An Island in the sun
Back to our island in the sun image. Although not apparent in the image, the rays of the sun do not directly heat the atmosphere. Instead, the sun’s rays heat the land, which in turn heats the air. It’s clear from this small-scale model the sun is the driving force behind the movement of air in this case. But, how about on a larger, global scale. Is the sun still the motivating factor? Yes!
The more directly the rays of the sun impact the Earth, the more energy is transferred, heating the Earth and the atmosphere above it. The sun is located more or less over the equator (more on that later.) The portion of the Earth’s surface near the equator is heated more causing it to rise vertically.
Image by NASA
Hadley cells are the basis for our understanding of global-scale meteorology.
The heated air from the equator begins to move toward the poles and to cool. As the air cools, it begins to descend back to the Earth’s surface. The cooling air descends about latitude 30, causing a “pile” of extra air to end up at that location. This is referred to as an area of high pressure. As the cooled air reaches the Earth’s surface it heads back to the equator. All the while, the Earth is spinning beneath the atmosphere, resulting in wind moving in a more or less Northeast to Southwest direction (in the Northern Hemisphere). These winds are referred to as the Trade Winds.
Known as a Hadley cell this movement of air forms a convection cell that dominates tropical and sub-tropical climates in the lower latitudes (0 to 30 degrees).
Ferrel Cells are an atmospheric circulation cell occupying the mid latitudes (30 to 60 degrees). In this cell the air flows poleward and toward the east near the surface and toward the equator and westward at higher levels., rising around 60 degrees and descending around 30 degrees.
With a Polar cell, the air rises from around latitude 60 and travels toward the poles. Once over the poles, it sinks, forming the polar highs. At the surface air diverges out and away from the pole. Surface winds blow from the east (polar easterlies).
Global Wind Belts
There are three global wind belts north, and three south of the equator. As mentioned earlier, located close to the equator are the Trade Winds (also known as the Tropical Easterlies), blowing from east to west. Located from around 30° to 60°are the Prevailing Westerlies coming out of the west. Finally, north and south of 60° are the Polar Easterlies.
Bands of High and Low Pressure
Between the Hadley cells and the Ferrel Cells is a band of high pressure at the surface. The high-pressure band is located about 30° North and 30° South latitude. There is also a high pressure area at each pole.
Low pressure bands are found at the equator and 50° to 60° North and South latitude
Hot and dry weather is associated with high pressure. Rainy and stormy weather is associated with low pressure. The region between 50° and 60° latitude (north and south) tends to have more precipitation due to more storms moving around the earth at these latitudes, especially along the west coast of continents. Many of the Earth’s desert areas are located along latitude 30°, and large high pressure areas are found there in the middle of oceans.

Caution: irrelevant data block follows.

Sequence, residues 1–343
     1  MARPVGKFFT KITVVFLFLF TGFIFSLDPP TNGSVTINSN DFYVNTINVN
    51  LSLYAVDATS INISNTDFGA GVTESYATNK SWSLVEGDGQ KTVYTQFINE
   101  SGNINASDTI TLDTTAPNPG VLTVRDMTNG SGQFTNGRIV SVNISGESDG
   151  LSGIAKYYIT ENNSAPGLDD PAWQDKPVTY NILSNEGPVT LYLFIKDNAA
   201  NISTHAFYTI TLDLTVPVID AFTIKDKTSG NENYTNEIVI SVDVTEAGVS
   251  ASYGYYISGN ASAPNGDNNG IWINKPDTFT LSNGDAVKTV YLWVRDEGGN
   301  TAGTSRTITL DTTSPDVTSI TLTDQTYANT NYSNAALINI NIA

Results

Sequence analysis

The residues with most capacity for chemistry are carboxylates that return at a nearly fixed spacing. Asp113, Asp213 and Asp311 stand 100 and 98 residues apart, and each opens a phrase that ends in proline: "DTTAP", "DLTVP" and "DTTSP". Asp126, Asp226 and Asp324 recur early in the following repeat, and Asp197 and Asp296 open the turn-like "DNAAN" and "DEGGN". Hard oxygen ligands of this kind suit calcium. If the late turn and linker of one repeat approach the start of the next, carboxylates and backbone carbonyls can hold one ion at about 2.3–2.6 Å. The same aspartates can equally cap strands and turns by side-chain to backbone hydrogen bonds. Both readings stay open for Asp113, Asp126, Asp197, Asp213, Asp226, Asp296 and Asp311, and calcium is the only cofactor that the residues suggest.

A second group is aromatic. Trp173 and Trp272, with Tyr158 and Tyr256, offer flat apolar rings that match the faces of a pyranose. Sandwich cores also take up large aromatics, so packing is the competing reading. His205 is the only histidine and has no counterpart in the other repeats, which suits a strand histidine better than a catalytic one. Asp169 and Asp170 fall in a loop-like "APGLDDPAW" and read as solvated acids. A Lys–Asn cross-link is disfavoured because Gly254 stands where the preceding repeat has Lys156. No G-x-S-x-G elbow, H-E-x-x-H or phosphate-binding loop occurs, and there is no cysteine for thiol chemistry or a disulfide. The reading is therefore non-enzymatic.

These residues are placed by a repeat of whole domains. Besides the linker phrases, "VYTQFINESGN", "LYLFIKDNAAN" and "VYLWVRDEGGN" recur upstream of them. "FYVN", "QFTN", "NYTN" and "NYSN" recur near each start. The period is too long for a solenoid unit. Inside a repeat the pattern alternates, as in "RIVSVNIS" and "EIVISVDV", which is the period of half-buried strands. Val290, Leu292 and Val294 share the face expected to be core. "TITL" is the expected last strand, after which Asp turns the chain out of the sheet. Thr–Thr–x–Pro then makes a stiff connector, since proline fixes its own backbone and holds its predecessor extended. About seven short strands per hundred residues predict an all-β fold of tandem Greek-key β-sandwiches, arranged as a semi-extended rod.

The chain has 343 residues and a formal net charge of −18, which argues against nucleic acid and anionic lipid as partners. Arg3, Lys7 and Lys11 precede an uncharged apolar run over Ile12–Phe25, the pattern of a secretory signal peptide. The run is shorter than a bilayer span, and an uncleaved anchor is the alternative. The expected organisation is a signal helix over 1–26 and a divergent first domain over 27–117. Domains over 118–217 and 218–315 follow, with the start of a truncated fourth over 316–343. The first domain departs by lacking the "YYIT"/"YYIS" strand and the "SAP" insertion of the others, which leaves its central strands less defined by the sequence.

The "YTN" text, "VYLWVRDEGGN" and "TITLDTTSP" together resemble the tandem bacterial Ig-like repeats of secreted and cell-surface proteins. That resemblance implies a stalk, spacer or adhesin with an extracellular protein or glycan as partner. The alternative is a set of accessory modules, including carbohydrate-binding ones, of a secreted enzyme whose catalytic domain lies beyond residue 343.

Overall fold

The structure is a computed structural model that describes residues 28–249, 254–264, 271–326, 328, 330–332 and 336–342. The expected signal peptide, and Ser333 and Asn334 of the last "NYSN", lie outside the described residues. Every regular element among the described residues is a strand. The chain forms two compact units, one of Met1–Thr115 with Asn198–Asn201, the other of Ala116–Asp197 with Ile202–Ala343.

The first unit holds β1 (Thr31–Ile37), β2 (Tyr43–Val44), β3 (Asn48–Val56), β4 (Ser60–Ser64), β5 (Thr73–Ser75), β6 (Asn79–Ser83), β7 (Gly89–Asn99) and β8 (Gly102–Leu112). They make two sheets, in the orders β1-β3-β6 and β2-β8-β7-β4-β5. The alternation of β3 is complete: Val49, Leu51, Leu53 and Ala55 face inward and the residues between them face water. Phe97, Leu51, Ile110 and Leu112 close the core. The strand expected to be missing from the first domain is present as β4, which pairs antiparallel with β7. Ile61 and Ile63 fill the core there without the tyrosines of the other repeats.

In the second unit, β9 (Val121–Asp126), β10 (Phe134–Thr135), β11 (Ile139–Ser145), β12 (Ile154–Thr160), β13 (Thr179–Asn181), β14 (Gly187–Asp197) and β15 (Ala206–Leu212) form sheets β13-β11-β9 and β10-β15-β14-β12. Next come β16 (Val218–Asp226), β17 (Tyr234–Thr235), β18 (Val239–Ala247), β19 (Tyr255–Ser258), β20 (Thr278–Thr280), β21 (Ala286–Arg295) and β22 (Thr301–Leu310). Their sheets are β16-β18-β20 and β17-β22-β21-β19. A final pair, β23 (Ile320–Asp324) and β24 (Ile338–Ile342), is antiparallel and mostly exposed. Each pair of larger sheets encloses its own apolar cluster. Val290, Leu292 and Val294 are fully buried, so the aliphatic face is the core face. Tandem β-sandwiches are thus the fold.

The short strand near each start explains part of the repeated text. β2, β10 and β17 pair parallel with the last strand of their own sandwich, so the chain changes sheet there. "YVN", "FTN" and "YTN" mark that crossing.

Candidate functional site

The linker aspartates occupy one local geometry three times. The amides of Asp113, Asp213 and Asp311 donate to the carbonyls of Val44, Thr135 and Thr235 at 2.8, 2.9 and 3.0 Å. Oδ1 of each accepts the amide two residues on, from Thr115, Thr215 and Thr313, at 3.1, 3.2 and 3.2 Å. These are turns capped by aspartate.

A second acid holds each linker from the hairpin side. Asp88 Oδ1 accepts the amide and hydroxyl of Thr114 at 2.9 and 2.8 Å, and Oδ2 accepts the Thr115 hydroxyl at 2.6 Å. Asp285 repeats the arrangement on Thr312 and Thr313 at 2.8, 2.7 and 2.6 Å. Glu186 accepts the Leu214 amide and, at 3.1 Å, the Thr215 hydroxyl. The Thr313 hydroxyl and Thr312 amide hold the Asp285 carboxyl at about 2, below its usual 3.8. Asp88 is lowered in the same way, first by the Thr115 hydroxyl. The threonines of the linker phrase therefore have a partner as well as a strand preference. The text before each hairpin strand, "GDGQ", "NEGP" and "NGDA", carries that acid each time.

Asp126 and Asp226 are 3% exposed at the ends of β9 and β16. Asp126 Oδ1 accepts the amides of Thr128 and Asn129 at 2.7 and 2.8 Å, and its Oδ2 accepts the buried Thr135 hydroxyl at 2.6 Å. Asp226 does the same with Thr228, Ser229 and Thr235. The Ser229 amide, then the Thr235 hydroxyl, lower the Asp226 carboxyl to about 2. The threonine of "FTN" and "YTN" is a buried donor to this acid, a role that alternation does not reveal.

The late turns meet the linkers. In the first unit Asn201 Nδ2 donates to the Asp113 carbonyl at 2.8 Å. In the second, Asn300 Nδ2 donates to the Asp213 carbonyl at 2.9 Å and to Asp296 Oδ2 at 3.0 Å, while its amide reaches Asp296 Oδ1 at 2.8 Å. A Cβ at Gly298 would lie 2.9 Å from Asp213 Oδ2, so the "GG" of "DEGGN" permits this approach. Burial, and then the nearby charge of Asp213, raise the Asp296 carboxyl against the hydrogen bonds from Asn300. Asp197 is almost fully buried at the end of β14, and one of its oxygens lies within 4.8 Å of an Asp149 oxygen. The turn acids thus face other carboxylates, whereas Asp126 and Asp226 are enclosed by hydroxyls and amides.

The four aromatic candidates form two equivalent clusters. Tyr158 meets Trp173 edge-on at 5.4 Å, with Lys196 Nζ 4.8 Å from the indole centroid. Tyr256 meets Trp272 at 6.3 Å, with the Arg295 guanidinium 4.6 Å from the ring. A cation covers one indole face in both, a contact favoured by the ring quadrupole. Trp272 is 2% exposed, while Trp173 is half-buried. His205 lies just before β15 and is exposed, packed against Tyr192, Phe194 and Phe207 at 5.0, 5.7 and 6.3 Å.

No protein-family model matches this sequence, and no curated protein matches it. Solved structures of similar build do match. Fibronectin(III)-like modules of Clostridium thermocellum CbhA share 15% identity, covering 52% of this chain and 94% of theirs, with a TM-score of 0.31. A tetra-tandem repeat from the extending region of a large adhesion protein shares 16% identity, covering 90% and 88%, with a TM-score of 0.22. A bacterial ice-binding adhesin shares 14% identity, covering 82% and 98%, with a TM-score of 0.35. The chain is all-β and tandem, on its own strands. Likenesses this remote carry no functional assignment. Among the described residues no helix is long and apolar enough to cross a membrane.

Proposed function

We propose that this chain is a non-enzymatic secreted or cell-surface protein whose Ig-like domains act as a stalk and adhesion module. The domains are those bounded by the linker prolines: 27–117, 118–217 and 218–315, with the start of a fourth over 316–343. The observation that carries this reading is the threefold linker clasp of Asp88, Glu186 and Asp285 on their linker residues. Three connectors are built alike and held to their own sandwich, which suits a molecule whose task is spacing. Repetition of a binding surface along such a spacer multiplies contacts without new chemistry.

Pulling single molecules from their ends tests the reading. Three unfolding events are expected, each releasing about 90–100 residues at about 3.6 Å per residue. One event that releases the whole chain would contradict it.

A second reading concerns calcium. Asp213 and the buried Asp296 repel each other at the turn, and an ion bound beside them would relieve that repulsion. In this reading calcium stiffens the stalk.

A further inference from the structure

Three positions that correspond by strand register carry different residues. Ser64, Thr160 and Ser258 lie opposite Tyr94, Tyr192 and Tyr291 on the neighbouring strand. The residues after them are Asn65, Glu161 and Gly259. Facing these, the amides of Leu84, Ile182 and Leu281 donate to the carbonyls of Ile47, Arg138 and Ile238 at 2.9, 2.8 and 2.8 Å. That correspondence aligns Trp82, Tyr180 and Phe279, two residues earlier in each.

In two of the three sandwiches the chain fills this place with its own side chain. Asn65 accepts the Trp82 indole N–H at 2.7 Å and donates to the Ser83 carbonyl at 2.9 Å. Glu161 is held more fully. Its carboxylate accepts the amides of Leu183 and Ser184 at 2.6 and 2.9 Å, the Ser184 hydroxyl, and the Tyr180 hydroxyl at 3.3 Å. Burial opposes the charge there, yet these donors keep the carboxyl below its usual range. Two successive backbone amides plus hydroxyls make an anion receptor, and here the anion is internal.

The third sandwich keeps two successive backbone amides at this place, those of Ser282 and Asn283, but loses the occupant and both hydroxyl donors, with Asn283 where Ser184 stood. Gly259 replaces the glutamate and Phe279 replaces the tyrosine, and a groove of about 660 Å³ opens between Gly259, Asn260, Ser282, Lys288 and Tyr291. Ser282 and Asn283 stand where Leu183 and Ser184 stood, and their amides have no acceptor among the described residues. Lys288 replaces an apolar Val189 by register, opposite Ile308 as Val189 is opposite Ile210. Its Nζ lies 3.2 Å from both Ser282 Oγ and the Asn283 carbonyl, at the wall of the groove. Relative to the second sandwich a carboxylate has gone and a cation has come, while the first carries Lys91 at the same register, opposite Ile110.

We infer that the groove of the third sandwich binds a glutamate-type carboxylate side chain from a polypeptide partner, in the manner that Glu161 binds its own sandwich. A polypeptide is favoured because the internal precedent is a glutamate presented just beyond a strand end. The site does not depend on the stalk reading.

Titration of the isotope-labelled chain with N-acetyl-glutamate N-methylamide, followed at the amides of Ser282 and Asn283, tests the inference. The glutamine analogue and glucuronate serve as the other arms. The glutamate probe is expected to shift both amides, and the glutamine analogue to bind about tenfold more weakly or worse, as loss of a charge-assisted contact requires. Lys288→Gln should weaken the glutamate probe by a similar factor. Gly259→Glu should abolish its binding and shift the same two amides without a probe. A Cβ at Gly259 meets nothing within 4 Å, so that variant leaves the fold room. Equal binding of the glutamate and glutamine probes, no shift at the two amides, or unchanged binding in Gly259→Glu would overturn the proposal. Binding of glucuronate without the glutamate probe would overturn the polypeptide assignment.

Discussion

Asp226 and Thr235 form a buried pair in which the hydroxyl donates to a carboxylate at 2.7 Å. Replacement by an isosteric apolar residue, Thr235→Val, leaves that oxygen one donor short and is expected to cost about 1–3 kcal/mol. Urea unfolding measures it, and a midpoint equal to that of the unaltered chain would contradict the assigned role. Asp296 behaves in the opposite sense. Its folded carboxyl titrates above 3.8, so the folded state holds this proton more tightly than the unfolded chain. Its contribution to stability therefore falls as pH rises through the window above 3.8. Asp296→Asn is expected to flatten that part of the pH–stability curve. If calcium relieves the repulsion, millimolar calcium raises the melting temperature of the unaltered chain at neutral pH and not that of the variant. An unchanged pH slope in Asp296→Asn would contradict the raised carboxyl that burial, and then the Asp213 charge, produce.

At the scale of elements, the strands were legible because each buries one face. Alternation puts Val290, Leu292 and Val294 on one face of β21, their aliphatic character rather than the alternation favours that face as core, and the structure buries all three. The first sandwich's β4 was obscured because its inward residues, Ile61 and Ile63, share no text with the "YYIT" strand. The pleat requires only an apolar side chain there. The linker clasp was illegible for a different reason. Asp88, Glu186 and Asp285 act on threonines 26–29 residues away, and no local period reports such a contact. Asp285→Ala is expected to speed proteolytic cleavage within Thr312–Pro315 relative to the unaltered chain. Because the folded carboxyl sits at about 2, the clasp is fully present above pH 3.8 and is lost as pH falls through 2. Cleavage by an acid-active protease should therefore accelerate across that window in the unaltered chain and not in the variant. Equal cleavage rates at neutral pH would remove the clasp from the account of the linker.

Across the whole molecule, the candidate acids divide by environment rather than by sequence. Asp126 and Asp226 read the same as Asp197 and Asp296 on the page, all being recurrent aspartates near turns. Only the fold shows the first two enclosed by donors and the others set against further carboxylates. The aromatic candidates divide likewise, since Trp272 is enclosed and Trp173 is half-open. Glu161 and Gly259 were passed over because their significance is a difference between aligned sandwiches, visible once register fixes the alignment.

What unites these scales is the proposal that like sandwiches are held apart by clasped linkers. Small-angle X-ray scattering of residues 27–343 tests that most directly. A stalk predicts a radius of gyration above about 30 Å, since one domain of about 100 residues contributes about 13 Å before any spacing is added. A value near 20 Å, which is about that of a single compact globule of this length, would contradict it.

Due to the tilt of the Earth, the sun is directly over the equator only twice a year, on about March 20th and September 22nd. During the summer and winter, the sun slowly “moves” north and south of the equator to a maximum of 23.44° north on about June 21, and 23.44° south on about December 21 . The maximum latitude marking the sun’s location is known as the Tropic of Cancer in the north, and the Tropic of Capricorn in the south. The tropics lie between the Tropic of Cancer and the Tropic of Capricorn. North and south of that are the temperate zones.
As the sun moves, the Hadley Cells, Ferrel Cells, and their associated high and low pressure systems also move. The perfect example is the semi-permanent North Pacific High. Center about latitude 30, the North Pacific High moves north in the summer to roughly 38°.
One final topic to introduce is air masses. An air mass is a volume of air covering hundreds or even thousands of square miles. It’s defined by its temperature and water vapor content, and falls into one of five types. Understanding air mass types becomes important later on when we discuss fronts.
Maritime Tropical (mT) air masses form over warm water areas of the tropics, and consist of warm moist air. When you think of Maritime Tropical, think hot and humid.
As the name suggests, Maritime Polar (mP) air masses form over cooler marine environments, and are responsible for cloudy damp weather.
Continental Tropical (cT) Continental tropical air masses are hot and dry. They usually form over a desert area during summer.
Continental Polar (cP) consists of cold and dry air. These often dominate the weather picture across the USA during winter. These air masses are the ones responsible for bringing clear and pleasant weather during the summer to the north.
Except in rare circumstances, a Continental Arctic (cA) air mass is not of concern to the typical sailor. An Arctic air mass is identified by extremely cold temperatures and very little moisture. These usually originate north of the Arctic Circle, however during winter may plunge south.